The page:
Hillary Rodham Clinton’s carefully choreographed round-table discussions with voters don’t lead to many moments of surprise. But Mrs. Clinton has seemed to have had some legitimate jolts when conversations in Iowa and New Hampshire repeatedly drifted back to drug abuse.
Mrs. Clinton called heroin and methamphetamine addiction in rural America a “quiet epidemic” and told her policy advisers in Brooklyn to put it on the list of priorities as her campaign inched closer toward presenting a specific policy platform.
As part of that effort, last week senior campaign policy advisers held Google Hangout discussions with local officials and substance abuse activists in Iowa and New Hampshire to see how the campaign could best address the problem, the first of such discussions that will take place in the early nominating states, according to the campaign.
In the six years Mrs. Clinton has been mostly out of the discussion on domestic policies, heroin use has swept rural communities, and although aides say she was aware of problem in an abstract way, from reading policy briefings and talking to academics and advisers, her discussions with voters on the issue were particularly eye opening.
She instructed her policy team “to go beyond standard policies and really take a hard look at some of the more creative or forward-looking policy positions,” said Jake Sullivan, the campaign’s senior policy director.
The Google Hangouts, led by the senior policy advisers Ann O’Leary and Maya Harris, are part of that effort. Moving forward, drug addiction, according to aides, will be a central part of the “four fights” that Mrs. Clinton routinely references in her prepared remarks.
Participants in the hangouts included Candace Accord, of the Community Based Correctional Facility in Cedar Rapids, Iowa, and Abigail Shockley, executive director of the New Hampshire Alcohol and Other Drug Service Provider Association, among other local community leaders and elected officials.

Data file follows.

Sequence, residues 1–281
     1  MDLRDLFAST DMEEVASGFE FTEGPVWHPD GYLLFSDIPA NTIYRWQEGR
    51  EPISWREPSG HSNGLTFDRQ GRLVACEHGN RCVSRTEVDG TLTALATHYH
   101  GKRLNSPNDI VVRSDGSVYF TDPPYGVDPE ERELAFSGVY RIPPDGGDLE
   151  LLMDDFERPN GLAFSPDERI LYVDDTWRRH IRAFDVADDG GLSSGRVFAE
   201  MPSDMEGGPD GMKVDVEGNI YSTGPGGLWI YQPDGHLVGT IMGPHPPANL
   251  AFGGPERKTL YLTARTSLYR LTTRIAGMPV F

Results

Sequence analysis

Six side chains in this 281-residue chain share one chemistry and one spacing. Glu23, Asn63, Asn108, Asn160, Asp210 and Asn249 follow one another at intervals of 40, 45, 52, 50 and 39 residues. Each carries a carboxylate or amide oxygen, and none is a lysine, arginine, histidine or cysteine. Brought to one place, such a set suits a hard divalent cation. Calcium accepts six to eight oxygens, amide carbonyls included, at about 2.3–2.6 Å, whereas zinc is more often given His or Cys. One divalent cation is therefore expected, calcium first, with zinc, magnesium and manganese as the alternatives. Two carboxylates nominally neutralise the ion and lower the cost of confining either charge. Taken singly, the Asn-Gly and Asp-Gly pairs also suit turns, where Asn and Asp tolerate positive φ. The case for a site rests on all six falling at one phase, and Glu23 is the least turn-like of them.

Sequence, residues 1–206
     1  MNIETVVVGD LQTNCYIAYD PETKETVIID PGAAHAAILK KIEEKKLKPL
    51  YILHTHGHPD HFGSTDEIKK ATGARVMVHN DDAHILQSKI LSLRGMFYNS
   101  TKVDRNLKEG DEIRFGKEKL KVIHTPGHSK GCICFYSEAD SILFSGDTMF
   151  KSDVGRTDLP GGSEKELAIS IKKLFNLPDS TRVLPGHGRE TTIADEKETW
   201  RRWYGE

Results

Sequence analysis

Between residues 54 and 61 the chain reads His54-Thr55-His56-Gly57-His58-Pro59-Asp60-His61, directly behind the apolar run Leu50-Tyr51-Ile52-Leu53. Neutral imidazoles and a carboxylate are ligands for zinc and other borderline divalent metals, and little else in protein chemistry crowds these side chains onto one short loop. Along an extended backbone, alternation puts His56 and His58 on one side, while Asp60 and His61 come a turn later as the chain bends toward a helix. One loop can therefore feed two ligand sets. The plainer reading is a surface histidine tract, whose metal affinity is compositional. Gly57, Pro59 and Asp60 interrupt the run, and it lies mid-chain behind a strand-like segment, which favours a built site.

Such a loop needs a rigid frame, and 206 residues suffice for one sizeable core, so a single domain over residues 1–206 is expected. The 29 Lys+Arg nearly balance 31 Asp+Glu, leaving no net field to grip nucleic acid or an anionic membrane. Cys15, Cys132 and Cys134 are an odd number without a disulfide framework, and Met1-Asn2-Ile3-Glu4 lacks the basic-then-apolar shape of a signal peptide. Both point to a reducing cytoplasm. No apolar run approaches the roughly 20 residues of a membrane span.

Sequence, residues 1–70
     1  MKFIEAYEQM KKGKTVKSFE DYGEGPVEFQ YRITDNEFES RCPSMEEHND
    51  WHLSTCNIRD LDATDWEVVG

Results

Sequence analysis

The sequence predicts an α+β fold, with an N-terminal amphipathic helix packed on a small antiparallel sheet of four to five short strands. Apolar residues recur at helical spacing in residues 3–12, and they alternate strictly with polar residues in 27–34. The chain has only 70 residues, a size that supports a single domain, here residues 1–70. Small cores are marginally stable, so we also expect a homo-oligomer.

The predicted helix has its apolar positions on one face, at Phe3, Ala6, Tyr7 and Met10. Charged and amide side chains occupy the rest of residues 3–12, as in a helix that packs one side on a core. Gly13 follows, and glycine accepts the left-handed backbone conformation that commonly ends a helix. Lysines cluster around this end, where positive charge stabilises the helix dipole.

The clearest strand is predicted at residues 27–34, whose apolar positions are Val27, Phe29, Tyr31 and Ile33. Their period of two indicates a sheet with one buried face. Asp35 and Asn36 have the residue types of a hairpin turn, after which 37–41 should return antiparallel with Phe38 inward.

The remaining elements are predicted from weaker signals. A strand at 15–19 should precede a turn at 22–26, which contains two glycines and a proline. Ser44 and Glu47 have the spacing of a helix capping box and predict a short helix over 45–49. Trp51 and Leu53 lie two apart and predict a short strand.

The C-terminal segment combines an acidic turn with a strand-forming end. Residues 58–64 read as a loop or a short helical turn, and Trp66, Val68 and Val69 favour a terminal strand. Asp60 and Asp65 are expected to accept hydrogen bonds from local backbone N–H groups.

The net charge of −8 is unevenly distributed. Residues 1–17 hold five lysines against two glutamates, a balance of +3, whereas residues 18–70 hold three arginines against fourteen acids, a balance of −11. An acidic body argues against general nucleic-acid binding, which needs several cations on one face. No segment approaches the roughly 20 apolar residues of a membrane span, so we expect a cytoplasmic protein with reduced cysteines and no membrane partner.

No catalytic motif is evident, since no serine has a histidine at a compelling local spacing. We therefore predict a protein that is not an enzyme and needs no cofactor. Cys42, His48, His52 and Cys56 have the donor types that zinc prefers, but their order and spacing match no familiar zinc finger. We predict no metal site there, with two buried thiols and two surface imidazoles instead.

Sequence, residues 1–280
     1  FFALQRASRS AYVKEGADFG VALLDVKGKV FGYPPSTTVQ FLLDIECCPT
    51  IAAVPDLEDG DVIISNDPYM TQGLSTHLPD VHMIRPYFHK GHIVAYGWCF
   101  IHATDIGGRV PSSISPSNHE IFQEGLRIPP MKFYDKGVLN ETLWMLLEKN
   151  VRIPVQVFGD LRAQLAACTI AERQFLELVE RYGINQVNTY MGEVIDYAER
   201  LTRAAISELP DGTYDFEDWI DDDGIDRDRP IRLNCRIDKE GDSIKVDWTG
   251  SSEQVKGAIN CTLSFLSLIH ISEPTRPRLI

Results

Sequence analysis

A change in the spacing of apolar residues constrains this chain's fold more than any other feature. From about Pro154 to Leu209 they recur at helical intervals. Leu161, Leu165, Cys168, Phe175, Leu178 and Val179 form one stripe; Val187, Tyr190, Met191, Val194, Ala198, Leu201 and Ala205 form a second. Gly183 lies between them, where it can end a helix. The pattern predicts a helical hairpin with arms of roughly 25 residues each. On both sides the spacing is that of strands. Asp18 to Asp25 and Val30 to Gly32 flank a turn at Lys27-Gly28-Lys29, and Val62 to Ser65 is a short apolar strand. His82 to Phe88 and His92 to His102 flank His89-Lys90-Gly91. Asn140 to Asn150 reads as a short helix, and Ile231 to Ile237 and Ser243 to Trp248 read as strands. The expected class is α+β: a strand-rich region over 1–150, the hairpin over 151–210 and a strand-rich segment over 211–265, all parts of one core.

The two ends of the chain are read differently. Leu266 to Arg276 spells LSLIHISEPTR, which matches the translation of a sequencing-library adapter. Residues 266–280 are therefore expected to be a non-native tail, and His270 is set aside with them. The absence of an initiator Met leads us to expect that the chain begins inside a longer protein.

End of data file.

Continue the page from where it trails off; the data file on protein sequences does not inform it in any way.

Based on their suggestions, Mrs. Clinton is likely to propose better-financed prevention and treatment options before criminalization and better access to mental health services (an area that aides and voters have said is lacking under the Affordable Care Act). She has already called for reform to the criminal justice system and a prison system overflowing with low-level drug offenders.
Drug abuse has not been a central campaign issue since the 1980s and early 1990s, when crime was on the rise and the crack cocaine epidemic threatened American cities. Candidates, particularly Republicans, and the more centrist-minded Bill Clinton were elected by vowing to be tough on drugs. Under President Bill Clinton’s administration, drug offenders received stiffer penalties under federal law.
In the 2016 election, Mrs. Clinton enters a very different situation, in which rural areas, like the ones she has visited in Iowa and New Hampshire, are seeing an increase in addiction. She is expected to present more specific policy proposals after her campaign’s official kickoff event on June 13.
“We have an increasing problem that is only beginning to break through the surface so that people – I think a lot of people are thinking, well, that’s somebody else’s problem, that’s not my problem,” Mrs. Clinton has said.
By Amy Chozik - The NY Times/ June 1, 2015
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